A couple nights ago, in the beautiful, blue-lit sanctuary of the Wilmington United Methodist Church, heartwarming songs were separated by moving readings of poetry and prose that emphasized the theme of the evening — Songs of Hope and Peace.
The musical performances by members of Cantabile brought the fears and reality of the current war in Ukraine into focus.
Our hope for peace must be central to our thoughts and prayers for the innocent people of Ukraine, but more is needed. There must be an end to the fighting. That is the only way they can begin rebuilding.
Thoughts and prayers — empathy — for the thousands of innocent Ukrainians who have been killed, injured and forced to flee their once beautiful, peaceful country are not enough.
I am sure that at one point in your life, you have been in trouble. It may not have been anything major. Unlike the Ukrainians, you may not have been worried about being bombed and killed, but you knew you were in trouble.
When that happened, who did you call?
Most of us have just a small group of family members or close friends who we can trust when the chips are down. We may not see them often, but when we do it’s a celebration. Just knowing you are going to be with them and enjoy their company brings a liberating joy. Those are people you can count on in times of trouble.
A good friend once told me that the five most welcome words you may ever hear, particularly when you are in trouble, are these: “I am on my way.” We need to assure the Ukrainians that help is on the way.
Nine years ago, as Wilmington mayor, I established a sister city relationship with the city of Merefa, just 15 miles south of Kharkiv, in northeastern Ukraine. Merefa is home to slightly more than 22,000 peace-loving people. Their mayor, Veniamin Sitov, welcomed us to their community and treated us like family.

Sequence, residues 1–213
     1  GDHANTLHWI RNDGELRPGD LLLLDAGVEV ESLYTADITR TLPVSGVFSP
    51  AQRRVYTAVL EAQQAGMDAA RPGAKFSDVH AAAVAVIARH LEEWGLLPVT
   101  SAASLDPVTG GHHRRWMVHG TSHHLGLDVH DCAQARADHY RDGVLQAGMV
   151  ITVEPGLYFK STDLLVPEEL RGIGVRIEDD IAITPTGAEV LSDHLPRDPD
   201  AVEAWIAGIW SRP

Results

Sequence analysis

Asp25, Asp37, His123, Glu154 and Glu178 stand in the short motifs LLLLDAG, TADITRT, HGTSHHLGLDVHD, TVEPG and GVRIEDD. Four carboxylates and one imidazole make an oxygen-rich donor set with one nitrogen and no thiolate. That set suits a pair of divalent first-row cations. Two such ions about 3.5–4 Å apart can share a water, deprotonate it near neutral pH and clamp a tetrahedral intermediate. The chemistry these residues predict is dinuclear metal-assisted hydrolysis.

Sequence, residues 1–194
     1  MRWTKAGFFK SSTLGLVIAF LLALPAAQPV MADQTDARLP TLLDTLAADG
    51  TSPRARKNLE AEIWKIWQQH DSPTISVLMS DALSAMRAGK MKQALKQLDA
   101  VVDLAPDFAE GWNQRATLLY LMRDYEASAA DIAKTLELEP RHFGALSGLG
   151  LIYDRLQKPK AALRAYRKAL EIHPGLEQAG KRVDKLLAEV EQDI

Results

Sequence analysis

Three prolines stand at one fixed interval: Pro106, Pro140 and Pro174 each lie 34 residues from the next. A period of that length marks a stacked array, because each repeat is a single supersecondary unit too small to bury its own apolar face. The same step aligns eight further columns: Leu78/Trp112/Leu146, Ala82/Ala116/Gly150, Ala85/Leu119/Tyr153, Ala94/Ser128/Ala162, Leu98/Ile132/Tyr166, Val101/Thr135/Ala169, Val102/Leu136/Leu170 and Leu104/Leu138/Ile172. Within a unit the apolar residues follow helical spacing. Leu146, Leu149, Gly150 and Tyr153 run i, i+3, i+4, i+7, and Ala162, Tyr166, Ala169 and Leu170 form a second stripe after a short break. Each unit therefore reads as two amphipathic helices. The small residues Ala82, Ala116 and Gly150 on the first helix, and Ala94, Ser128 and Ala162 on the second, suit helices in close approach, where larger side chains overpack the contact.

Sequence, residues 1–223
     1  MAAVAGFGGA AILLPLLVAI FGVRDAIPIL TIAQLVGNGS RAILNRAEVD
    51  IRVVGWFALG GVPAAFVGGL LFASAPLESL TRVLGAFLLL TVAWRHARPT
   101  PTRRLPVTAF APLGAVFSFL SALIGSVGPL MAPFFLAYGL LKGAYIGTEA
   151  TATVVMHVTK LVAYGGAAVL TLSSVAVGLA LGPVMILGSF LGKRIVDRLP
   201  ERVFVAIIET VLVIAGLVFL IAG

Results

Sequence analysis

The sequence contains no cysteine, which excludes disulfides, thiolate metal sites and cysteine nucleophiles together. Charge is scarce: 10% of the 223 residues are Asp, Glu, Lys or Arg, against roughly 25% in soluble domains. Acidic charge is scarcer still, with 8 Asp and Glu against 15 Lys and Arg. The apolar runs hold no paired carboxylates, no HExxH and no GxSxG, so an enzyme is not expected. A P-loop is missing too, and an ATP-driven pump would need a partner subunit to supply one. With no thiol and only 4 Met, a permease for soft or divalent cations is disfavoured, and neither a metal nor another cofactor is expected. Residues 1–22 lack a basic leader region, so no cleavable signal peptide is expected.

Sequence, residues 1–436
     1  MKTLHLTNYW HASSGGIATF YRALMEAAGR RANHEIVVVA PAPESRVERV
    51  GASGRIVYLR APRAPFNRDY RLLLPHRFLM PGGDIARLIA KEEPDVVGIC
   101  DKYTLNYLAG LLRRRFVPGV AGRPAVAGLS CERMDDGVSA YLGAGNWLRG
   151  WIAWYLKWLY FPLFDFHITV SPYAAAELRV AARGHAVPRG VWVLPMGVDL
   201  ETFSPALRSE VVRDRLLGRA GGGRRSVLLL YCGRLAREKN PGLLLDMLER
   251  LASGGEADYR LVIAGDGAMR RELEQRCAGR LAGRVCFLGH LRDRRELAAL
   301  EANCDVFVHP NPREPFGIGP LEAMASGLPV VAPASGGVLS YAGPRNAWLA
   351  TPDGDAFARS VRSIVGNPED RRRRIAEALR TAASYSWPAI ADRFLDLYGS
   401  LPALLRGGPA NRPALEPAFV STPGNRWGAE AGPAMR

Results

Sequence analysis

Recently, a small group of Wilmington residents representing the Wilmington Friends (Quaker) meeting, the Wilmington United Methodist Church, and the Wilmington Faith Lutheran Church met to establish a pathway for funds to go directly from Wilmington to our sister city of Merefa.
Utilizing the resources of the Friends Meeting, that is now possible. Checks may be made out to the Wilmington Yearly Meeting (Quakers). On the memo line, write “Merefa.” Mail your contributions to the Wilmington Yearly Meeting Office, Pyle Center, P.O. Box 1194, 1870 Quaker Way, Wilmington, Ohio 45177. Those checks will be processed, and the funds will be forwarded directly to our friends in Merefa.
This certainly does not eliminate other ways of showing support to Ukraine. Nearly every church has a means of sending support to areas of disaster. The United Methodist Committee on Relief is the one used by the local Methodist church. The United Nations Children’s Fund (UNICEF) and the American Red Cross will forward donations to Ukraine.
We even have a local volunteer, Cathie Streator, 937-725-2981, who is making colorful pins of the Ukrainian flag for people to purchase and proudly wear to show their support for Ukrainian peace and freedom.
Earlier this week, I tried to contact Mayor Sitov to see what we could do to help them. As I expected, it was impossible to get through by telephone. None of the landlines or cellphone connections were working.
On the Merefa website is this sad message from Veniamin, “Dear residents of Merefa! In connection with the military aggression of the Russian Federation against Ukraine and in order to ensure the defense of the state, the Decree of the President of Ukraine announced a general mobilization. Soldiers and volunteers of Merefa are to appear at the collection point, which is located in the Administrative Services Center on Peremohy Square. Please support our boys and help them gather a supply of food. You can only bring durable goods. The collection point works around the clock in the center of administrative services on Peremohy Square.”
What a sad, horrible announcement to post on their city website. They need our help.
Certainly, keep our Ukrainian sisters and brothers in your thoughts and prayers, but also send them donations that can be used to purchase the supplies they need to win back their freedom.
While help is on the way, we must continue to pray for hope and peace.
Randy Riley is a former mayor of Wilmington and former Clinton County commissioner.